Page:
Aztec economy

I was watching “Pirates of the Carribean” tonight and part of the plot invovles a chest of Aztec coins.

I was wondering though…Did the Aztecs have the capability of making Gold Coins? And If so, did they have a currency system, or did they rely on a barter system like many cultures did?

I believe the Aztecs used mostly barter. I think the first sophisticated monetary system showed up Mexico sometime in t he 1700’s, but I’m not sure of that date.

I’d probably check that date, as this is well within Spanish rule.

The Aztex did have some sort of primitive currency system going on. One notable item used as currency was cocoa beans. From here:

According to Cameron, A Concise Economic History of the World, long distance trade existed in the Americas from about 1500 BCE. Cacao beans were used as a form of money by the Olmecs in Mexico, between 700 and 300 BCE.

From that, I would guess that the Aztecs (who came later) had a form of money.

The following website suggests that the first gold coins in the Americas were stamped in 1526, after the Spanish conquest. That would make sense, as gold was used mostly for utilitarian purposes by the Incas and also, apparently, by the Aztecs as well.

http://www.anythinganywhere.com/commerce/coins/tumbatxt2.htm

Cacao beans were the main, everyday currency. As a guide to their value, there’s a surviving list of market prices from 1545 (a generation after the Spanish arrive) amongst which are: a rabbit cost 100 beans, an avocado 3, a large tomato 1 and you could get 5 green chiles for one bean. There was even a tradition of counterfeiting beans.
Cotton cloaks (quachtli) were effectively a larger unit of currency, with particular sizes being assigned particular values - for example, a cloak of one size might be worth 100 cacao beans. One estimate is that a commoner in Tenochtitlan could survive on 20 quachtli a year.

As for gold coins, these would certainly have been within their metalworking capabilities - many of the few surviving gold pieces are exquisite - but it’s just never something they did. More generally, gold items were common alongside other luxury goods in the system of tribute that was a major feature of their society.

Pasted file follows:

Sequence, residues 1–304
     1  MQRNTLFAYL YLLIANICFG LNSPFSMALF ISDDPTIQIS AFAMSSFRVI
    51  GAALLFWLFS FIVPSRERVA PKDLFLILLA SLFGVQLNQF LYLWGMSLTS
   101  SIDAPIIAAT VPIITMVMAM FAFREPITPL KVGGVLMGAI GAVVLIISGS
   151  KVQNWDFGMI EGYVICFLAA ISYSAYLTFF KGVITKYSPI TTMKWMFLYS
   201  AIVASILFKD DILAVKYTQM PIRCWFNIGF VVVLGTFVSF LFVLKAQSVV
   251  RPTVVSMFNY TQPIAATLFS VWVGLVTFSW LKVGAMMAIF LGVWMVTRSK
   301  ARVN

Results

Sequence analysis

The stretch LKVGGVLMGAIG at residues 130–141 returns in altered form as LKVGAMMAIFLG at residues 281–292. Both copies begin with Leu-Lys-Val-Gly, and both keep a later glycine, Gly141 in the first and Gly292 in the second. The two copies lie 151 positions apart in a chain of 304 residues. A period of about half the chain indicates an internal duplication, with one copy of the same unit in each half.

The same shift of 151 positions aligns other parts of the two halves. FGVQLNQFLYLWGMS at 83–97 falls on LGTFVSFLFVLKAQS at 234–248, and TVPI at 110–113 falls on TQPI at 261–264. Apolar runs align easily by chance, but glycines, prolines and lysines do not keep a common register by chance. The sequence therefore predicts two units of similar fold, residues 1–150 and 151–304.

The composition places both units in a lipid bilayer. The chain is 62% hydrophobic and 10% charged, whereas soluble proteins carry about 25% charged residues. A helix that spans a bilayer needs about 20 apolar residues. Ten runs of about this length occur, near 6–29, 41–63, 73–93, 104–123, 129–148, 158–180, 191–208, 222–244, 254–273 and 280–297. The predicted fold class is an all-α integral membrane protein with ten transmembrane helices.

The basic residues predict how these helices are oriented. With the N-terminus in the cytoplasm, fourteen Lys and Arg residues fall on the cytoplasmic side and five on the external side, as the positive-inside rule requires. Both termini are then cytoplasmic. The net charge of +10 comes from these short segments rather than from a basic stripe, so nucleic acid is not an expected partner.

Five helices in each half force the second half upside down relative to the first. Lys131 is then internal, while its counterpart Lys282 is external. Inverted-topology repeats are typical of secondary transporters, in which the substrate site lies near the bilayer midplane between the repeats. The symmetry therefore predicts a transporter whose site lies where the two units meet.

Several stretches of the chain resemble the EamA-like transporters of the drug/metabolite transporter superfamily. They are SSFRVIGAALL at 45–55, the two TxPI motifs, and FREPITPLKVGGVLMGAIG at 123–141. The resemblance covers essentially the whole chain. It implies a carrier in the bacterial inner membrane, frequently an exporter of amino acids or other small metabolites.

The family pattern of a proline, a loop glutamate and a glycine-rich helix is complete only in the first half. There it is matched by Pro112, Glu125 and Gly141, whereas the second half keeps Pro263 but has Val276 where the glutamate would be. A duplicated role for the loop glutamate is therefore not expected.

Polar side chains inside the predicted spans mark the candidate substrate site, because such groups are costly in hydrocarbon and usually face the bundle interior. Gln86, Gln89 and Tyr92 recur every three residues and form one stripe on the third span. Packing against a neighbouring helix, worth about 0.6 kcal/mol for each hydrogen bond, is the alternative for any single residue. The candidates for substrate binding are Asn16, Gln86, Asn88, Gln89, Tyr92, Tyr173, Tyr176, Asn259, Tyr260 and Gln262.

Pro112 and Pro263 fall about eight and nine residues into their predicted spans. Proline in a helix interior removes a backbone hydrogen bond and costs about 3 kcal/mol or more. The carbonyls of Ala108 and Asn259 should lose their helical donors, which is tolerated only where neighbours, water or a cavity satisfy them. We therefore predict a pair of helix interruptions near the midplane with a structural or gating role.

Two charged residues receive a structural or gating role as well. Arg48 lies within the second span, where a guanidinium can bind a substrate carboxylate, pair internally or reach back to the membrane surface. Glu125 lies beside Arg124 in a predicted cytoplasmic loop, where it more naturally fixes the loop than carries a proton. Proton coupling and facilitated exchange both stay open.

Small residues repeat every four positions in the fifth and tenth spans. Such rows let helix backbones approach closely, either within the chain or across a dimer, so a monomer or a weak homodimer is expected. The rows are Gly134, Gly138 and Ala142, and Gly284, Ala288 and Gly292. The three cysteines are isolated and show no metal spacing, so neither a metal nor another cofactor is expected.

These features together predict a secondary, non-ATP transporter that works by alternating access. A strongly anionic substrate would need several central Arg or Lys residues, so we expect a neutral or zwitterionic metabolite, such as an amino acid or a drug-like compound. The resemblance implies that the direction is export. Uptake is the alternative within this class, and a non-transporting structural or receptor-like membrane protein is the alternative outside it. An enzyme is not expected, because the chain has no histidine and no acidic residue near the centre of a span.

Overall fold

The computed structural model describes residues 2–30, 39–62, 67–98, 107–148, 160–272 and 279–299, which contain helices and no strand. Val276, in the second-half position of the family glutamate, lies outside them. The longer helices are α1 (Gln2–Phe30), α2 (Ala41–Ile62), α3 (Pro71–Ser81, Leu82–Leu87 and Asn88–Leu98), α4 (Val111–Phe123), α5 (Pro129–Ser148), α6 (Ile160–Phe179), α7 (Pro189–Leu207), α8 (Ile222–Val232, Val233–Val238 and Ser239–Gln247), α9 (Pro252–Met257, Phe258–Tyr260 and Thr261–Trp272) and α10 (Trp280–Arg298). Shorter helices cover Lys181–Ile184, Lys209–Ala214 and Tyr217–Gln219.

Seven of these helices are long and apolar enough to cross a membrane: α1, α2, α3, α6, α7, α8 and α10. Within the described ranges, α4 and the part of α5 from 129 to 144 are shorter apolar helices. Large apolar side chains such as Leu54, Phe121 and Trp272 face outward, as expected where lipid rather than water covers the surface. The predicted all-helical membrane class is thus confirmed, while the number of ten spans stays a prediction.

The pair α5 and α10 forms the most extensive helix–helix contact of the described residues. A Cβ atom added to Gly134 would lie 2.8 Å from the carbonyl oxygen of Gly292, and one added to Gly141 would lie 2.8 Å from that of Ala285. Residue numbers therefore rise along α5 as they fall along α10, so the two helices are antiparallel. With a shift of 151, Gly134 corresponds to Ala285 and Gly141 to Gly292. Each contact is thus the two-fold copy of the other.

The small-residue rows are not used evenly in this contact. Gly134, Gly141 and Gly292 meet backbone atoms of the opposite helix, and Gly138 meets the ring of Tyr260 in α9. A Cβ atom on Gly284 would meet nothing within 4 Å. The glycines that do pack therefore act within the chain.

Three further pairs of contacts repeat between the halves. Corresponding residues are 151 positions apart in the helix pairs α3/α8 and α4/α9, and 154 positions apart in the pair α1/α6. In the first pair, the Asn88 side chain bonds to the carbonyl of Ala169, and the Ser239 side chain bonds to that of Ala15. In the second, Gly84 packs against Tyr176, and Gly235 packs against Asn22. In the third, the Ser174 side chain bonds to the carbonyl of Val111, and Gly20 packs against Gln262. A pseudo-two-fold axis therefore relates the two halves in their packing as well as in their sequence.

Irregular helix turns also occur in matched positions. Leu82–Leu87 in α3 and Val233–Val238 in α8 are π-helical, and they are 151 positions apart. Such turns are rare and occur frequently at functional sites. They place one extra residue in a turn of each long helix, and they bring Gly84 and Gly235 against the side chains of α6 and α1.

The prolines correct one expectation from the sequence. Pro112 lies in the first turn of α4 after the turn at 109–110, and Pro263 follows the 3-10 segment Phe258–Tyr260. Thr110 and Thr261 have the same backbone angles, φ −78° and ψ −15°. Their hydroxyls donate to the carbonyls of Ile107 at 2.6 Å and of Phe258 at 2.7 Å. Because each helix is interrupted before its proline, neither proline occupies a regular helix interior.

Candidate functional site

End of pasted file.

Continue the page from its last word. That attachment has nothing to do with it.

There’s a good discussion of the Aztec economy in chapter 5 of The Aztecs (Blackwell, 1996, 2003) by Michael E. Smith.

“Gold was used for utilitarian purposes?”

Maybe I’m showing my ignorance, but exactly what utilitarian purposes does gold have? It’s too soft and malleable to be good for much of anything, metalwise. I was under the impression they used it for jewelry and decoration, but not much else.

Obviously the aztecs used them to design faster microchips :smiley:

Correct. There’s also the oddity that they regarded gold (and silver) as the excrement of the Sun.

Master -

Ok, you got me. Poor choice of words.

  1. From what I read, the Aztecs used gold for jewelry, etc.

  2. I seem to recall that the Incas used gold for certain household objects. But my memory is fuzzy, and I suspect that they must have used it as an alloy.

I’m srry but I read this article and it didnt help at all please fix it!!!

Um, to what article are you referring? And what’s wrong with it, and who do you think would be fixing it?

Which, interestingly, is technically true, even if the Sun from which they were… excreted… isn’t the current one.

Did the Aztecs work any metals other than gold and silver? Did they have copper, bronze or iron tools?

While it’s not relevant to the Aztecs (so far as I know), in Japan, gold paint was often used indoors to make rooms brighter. It would be equivalent to painting with glitter, so that any light which came into the room would be reflected instead of absorbed by the walls.

By “often used” I mean in palaces and temples, not in the average home.

Sooooo… is anyone going to fix this article or not!!!

‘An’.

There. I fixed it.

(If you wanted a definite article, you need to give me a domain first.)

Man. I saw “Master Wang-ka” and got all excited…

When one Meso American city conquered another tribute was given by the loser. This tribute was in goods such as very valuable Quetzal feathers, cotton cloaks, raw commodities such as obsidian, red dye, cotton and salt, manufactured items like weapons and other war gear, and food (chillies, maize, cacao, etc…). Cacao beans aren’t technically a true currency per se, since they are a consumable commodity. But they are awful handy to fill in for that purpose.

They used some copper but no iron or bronze.

Albrecht Dürer, on seeing the first Aztec artifacts in Europe, expressed his wonder. (His travels had exposed him to most European art & he knew that he was a master. Then he discovered there were other masters across the great ocean sea!)

(Full quotation in this .pdf; of course, all the precious metals were later melted down.)

Back to the Aztec economy. The varioustypes of traderfilled several niches in Aztec society. The Codex Mendoza, created after The Conquest by native artists & annotated in Spanish (since the Aztecs, unlike the Maya, never quite developed written language) has a section detailing tributes paid by each town to what might be called the Aztec Empire. Coins were not used but the economic system went a bit beyond “primitive barter.”

Sounds like someone is going to have to do their own homework. Shucks.